I am sending this review as the BDFOP for PEP 3151. I've read the PEP and
reviewed the python-dev discussion via Gmane. I have not reviewed the hg
branch where Antoine has implemented it.
I'm not quite ready to pronounce, but I do have some questions and comments.
First off, thanks to Antoine for taking this issue on, and for his well
written and well reasoned PEP. There's definitely a problem here and I think
Python will be better off for having addressed it. I, for one, will be very
happy when I can eliminate the majority of `import errno`s from my code. ;)
One guiding principle for me is that we should keep the abstraction as thin as
possible. In particular, I'm concerned about mapping multiple errnos into a
single Error. For example both EPIPE and ESHUTDOWN mapping to BrokePipeError,
or EACESS or EPERM to PermissionError. I think we should resist this, so that
one errno maps to exactly one Error. Where grouping is desired, Python
already has mechanisms to deal with that, e.g. superclasses and multiple
inheritance. Therefore, I think it would be better to have
+ AccessError (EACCES)
+ PermissionError (EPERM)
Yes, it makes the hierarchy deeper, and means you have to come up with a few
more names, but I think it will also make it easier for the programmer to use
and debug. Also, some of the artificial hierarchy introduced in the PEP may
not be necessary (e.g. the faux superclass FileSystemPermissionError above).
This might lead to the elimination of FileSystemError as some have suggested
(I too question its utility).
Similarly, I think it would be helpful to have the errno name (e.g. ENOENT) in
the error message string. That way, it won't get in the way for most code,
but would be usefully printed out for uncaught exceptions.
A second guiding principle should be that careful code that works in Python
3.2 must continue to work in Python 3.3 once PEP 3151 is accepted, but also
for Python 2 code ported straight to Python 3.3. Given the PEP's emphasis on
"useful compatibility", I think this will be the case. Do be prepared for
complaints about compatibility for careless code though - there's a ton of
that out in the wild, and people will always complain with their "working"
code breaks due to an upgrade. Be *very* explicit about this in the release
notes and NEWS file, and put your asbestos underoos on. On the plus side,
there's not so much Python 3 code to break :). Also, do clearly explain any
required migration strategy for existing code, probably in this PEP.
Have you considered the impact of this PEP on other Python implementations?
My hazy memory of Jython tells me that errnos don't really leak into Java and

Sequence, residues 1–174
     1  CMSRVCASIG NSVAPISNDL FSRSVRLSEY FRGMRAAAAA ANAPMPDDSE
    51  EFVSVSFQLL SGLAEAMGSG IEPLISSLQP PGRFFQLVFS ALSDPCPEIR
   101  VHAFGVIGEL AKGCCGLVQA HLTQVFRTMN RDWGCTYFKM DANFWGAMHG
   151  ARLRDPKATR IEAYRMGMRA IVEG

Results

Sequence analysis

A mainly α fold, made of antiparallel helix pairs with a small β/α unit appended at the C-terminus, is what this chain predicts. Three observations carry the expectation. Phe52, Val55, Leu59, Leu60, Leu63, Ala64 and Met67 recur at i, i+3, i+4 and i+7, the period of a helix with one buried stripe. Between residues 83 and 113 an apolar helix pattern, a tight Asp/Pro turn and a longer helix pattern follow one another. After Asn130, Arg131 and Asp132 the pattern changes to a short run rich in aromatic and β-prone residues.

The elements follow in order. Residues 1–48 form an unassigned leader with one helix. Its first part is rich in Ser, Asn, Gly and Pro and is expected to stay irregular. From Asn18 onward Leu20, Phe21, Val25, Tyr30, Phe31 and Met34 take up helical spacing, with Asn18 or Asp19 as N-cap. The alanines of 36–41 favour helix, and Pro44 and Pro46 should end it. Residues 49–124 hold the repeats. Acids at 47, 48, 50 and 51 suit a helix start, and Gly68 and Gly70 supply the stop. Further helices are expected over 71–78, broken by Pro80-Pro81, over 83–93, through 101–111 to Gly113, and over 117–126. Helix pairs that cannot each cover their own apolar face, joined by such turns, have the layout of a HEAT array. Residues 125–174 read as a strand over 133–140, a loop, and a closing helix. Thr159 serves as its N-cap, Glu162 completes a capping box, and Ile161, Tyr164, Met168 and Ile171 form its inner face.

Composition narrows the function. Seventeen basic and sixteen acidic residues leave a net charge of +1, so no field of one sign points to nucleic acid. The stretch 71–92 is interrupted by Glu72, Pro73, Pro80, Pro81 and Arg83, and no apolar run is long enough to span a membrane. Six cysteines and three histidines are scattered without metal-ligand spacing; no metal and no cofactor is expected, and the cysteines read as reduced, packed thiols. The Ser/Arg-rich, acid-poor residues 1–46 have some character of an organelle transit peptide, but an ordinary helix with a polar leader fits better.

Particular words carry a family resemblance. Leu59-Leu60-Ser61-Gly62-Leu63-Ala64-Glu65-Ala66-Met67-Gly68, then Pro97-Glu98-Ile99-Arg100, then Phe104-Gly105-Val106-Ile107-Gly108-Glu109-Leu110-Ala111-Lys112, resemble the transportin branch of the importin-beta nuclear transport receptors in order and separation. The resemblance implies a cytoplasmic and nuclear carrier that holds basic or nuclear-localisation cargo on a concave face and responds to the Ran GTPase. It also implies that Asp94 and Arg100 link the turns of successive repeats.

thus Jython much, but what about PyPy and IronPython? E.g. step 1's
deprecation strategy seems pretty CPython-centric.
As for step 1 (coalescing the errors). This makes sense and I'm generally
agreeable, but I'm wondering whether it's best to re-use IOError for this
rather than introduce a new exception. Not that I can think of a good name
for that. I'm just not totally convinced that existing code when upgrading to
Python 3.3 won't introduce silent failures. If an existing error is to be
re-used for this, I'm torn on whether IOError or OSError is a better choice.
Popularity aside, OSError *feels* more right.
What is the impact of the PEP on tools such as 2to3 and 3to2?
Just to be clear, am I right that (on POSIX systems at least) IOError and its
subclasses will always have an errno attribute still? And that anything
raising an exception (e.g. via PyErr_SetFromErrno) other than the new ones
will raise IOError?
I also think that rather than transforming exception when raised from Python,
i.e. via __new__ hackery, perhaps it should be a ValueError in its own right
to raise IOError with an error represented by one of the subclasses. Chained
exceptions would mean that the original exception needn't get lost.
I surveyed some of my own code and observed (as others have) that EISDIR and
ENOTDIR are pretty rare. I found more examples of ECHILD and ESRCH than the
former two. How'd you like to add those two to make your BDFOP happy? :)
What follows are some crazier ideas. I'm just throwing them out there, not
necessarily suggesting they should go into the PEP.
The new syntax (e.g. if clause on except) is certainly appealing at first
glance, and might be of more general use for Python, but I agree with the
problems as stated in the PEP. However, there might be a few things that
*can* be done to make even the uncommon cases easier. E.g.
What if all the errno symbolic names were mapped as attributes on IOError?
The only advantage of that would be to eliminate the need to import errno, or
for the ugly `e.errno == errno.ENOENT` stuff. That would then be rewritten as
`e.errno == IOError.ENOENT`. A mild savings to be sure, but still.
How dumb/useless/unworkable would it be to add an __future__ to switch from
the old hierarchy to the new one? Probably pretty. ;)
What about an api that applications/libraries could use to add additional
exceptions based on other errnos they cared about? This could be consulted in
PyErr_SetFromErrno() and raised instead of IOError. Okay, yeah, that's
probably pretty dumb too.
Anyway, that's all I have. I certainly feel like this PEP is pretty close to
being accepted. Good work!